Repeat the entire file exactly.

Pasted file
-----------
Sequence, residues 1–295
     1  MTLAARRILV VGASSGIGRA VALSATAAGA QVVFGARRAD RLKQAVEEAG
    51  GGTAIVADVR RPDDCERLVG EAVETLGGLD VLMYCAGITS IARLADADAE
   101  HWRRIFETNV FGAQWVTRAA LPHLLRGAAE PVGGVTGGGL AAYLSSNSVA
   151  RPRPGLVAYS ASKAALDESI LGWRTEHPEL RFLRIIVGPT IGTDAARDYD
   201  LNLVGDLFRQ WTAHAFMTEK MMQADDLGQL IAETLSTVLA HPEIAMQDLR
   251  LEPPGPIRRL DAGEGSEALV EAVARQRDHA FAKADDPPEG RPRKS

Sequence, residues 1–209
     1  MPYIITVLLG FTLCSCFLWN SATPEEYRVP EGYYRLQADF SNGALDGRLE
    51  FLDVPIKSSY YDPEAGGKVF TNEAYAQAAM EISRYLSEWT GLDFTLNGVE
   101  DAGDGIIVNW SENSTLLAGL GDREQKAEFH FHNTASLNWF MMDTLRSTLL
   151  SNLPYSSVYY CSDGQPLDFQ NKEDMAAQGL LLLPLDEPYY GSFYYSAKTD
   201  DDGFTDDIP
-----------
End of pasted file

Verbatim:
Sequence, residues 1–295
     1  MTLAARRILV VGASSGIGRA VALSATAAGA QVVFGARRAD RLKQAVEEAG
    51  GGTAIVADVR RPDDCERLVG EAVETLGGLD VLMYCAGITS IARLADADAE
   101  HWRRIFETNV FGAQWVTRAA LPHLLRGAAE PVGGVTGGGL AAYLSSNSVA
   151  RPRPGLVAYS ASKAALDESI LGWRTEHPEL RFLRIIVGPT IGTDAARDYD
   201  LNLVGDLFRQ WTAHAFMTEK MMQADDLGQL IAETLSTVLA HPEIAMQDLR
   251  LEPPGPIRRL DAGEGSEALV EAVARQRDHA FAKADDPPEG RPRKS

Sequence, residues 1–209
     1  MPYIITVLLG FTLCSCFLWN SATPEEYRVP EGYYRLQADF SNGALDGRLE
    51  FLDVPIKSSY YDPEAGGKVF TNEAYAQAAM EISRYLSEWT GLDFTLNGVE
   101  DAGDGIIVNW SENSTLLAGL GDREQKAEFH FHNTASLNWF MMDTLRSTLL
   151  SNLPYSSVYY CSDGQPLDFQ NKEDMAAQGL LLLPLDEPYY GSFYYSAKTD
   201  DDGFTDDIP